In George Barna's provocative new book he identifies seven major "faith tribes" he believes most affect and influence the direction of America's economy, politics and moral values. The Seven Faith Tribes documents who they are, what they are passionate about, what they believe, how they vote and why it matters. Most importantly, Barna details their potential to change America. Through in-depth study of these "tribes" (Captive Christians, Casual Christians, Jews, Mormons, Pantheists, Muslims & Skeptics) Barna research has identified potential strategies that, if employed by these groups, could facilitate the healing and restoration of American culture, and cultures all across the globe. A masterful analysis!
In this groundbreaking new book, acclaimed researcher and author George Barna identifies, describes, and analyzes seven major faith tribes in Americadocumenting who they are, what they believe, how they vote, and what they are passionate about. Barna provides helpful insight into how these groups influence our economy, politics, and valuesand what their potential is to change America. Through his in-depth study of all seven tribes, Barna has identified potential strategies that faith tribesif they choose tocould employ to facilitate healing and restoration in American culture, and cultures across the world.
The seven tribes are as follows: Captive Christians, Casual Christians, Jews, Mormons, Pantheists, Muslims, and Skeptics.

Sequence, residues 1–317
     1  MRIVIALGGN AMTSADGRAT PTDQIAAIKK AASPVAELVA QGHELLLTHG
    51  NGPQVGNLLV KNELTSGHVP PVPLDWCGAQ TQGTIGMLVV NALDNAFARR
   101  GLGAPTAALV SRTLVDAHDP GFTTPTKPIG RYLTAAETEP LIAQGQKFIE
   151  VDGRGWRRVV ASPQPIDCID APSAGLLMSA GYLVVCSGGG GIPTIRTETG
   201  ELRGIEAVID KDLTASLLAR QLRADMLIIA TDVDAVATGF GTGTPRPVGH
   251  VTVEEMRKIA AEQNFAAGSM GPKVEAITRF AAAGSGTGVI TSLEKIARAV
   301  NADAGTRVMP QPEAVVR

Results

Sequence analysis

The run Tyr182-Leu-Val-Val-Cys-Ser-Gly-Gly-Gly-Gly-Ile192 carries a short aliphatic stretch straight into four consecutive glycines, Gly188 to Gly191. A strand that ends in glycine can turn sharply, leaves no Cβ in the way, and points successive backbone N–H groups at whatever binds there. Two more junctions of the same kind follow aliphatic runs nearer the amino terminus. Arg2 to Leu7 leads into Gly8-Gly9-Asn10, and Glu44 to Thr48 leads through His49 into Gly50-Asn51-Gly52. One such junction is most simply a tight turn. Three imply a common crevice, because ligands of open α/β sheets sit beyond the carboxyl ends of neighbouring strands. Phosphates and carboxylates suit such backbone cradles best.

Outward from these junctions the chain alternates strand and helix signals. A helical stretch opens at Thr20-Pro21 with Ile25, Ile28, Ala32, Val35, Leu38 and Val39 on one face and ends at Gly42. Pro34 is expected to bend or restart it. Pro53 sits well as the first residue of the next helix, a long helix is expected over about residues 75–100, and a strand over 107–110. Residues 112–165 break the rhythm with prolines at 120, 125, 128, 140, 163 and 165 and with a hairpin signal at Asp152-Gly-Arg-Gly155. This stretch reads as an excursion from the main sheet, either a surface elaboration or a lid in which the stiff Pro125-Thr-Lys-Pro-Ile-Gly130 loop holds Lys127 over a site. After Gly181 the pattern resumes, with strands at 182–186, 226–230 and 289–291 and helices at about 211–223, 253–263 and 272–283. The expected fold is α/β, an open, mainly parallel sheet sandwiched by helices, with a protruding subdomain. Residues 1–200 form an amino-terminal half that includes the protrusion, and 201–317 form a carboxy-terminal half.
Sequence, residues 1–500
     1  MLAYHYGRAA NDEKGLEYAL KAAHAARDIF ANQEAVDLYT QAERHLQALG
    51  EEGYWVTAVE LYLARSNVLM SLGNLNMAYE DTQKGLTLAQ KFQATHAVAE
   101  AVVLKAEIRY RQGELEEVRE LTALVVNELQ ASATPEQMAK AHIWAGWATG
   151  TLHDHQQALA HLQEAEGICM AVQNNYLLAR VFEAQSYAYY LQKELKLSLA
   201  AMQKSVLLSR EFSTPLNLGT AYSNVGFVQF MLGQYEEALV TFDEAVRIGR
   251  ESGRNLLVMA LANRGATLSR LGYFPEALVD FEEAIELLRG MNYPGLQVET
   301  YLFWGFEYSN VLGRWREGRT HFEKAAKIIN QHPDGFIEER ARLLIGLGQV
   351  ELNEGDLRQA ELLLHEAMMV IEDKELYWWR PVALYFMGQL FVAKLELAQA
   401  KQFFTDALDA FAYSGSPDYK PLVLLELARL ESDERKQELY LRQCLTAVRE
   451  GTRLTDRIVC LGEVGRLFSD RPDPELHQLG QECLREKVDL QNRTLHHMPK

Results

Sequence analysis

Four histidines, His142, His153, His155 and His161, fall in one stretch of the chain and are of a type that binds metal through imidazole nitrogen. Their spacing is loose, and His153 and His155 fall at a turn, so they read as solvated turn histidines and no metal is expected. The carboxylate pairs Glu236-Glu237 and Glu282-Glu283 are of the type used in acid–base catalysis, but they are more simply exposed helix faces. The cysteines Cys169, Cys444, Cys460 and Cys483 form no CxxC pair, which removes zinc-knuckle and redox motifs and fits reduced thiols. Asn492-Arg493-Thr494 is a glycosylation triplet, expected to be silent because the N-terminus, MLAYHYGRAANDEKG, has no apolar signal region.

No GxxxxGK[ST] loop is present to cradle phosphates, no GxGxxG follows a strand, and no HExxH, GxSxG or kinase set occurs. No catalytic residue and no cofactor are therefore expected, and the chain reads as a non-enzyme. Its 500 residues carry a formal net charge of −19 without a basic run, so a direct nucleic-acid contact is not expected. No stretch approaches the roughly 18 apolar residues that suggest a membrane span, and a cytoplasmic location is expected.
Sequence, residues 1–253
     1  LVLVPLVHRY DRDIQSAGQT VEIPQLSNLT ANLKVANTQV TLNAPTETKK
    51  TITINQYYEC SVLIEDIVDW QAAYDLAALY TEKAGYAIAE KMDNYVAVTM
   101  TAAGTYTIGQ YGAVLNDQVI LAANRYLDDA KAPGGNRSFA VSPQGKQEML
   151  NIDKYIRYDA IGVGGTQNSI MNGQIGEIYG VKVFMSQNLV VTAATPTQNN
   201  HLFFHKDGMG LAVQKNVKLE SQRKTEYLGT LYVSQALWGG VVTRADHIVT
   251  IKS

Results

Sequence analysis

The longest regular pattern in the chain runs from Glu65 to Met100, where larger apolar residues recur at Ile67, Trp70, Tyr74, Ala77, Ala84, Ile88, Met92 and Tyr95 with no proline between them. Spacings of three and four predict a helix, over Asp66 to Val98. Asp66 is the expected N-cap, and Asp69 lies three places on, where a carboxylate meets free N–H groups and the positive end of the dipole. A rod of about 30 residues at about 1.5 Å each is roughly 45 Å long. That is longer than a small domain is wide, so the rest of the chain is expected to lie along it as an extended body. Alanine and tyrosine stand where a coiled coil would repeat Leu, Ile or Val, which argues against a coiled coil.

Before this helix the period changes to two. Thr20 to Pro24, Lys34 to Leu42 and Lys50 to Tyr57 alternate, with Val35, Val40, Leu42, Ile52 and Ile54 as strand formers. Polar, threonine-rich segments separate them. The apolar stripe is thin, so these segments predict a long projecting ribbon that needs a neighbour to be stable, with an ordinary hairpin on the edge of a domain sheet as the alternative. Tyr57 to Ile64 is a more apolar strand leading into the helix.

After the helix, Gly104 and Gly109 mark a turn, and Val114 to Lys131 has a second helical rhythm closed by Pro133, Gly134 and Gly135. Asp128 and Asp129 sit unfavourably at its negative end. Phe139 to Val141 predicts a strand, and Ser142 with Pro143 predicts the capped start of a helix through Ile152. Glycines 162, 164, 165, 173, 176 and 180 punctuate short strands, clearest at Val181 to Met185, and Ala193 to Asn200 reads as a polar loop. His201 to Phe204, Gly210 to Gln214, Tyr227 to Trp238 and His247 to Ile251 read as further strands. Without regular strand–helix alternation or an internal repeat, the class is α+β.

America is careening down a slippery slope of narcissism and materialism, argues Barna, a renowned Christian pollster and author of more than 40 books. Rising divorce rates, lukewarm religious faith, pervasive moral relativism, and the substitution of alternative worldviews for the traditional Judeo-Christian version have all contributed to the nations self-destruction. While the standard-issue declension narrative that occupies Barnas rather dreadful opening chapters isnt very promising, readers can find their own suggestive nuggets in the body of the book, where his research is on display. Drawing on a composite of his organizations statistical surveys, he groups Americans into seven basic faith tribes to explore their role in the nations decline and possible renaissance. Scholars of religion will have many quibbles with the groupings into seven rough tribes (non-theistic Buddhists are bundled with the pantheists, for example, and Barna seems to conflate the Nation of Islam with mainstream Islam). Many readers will disagree with the sweeping final chapters on where America should go from here, but even critics will find that Barnas research yields fascinating tidbits. As such, it is a useful snapshot of Americas religiosityor lack thereof. (May) Copyright 2009 Reed Business Information.
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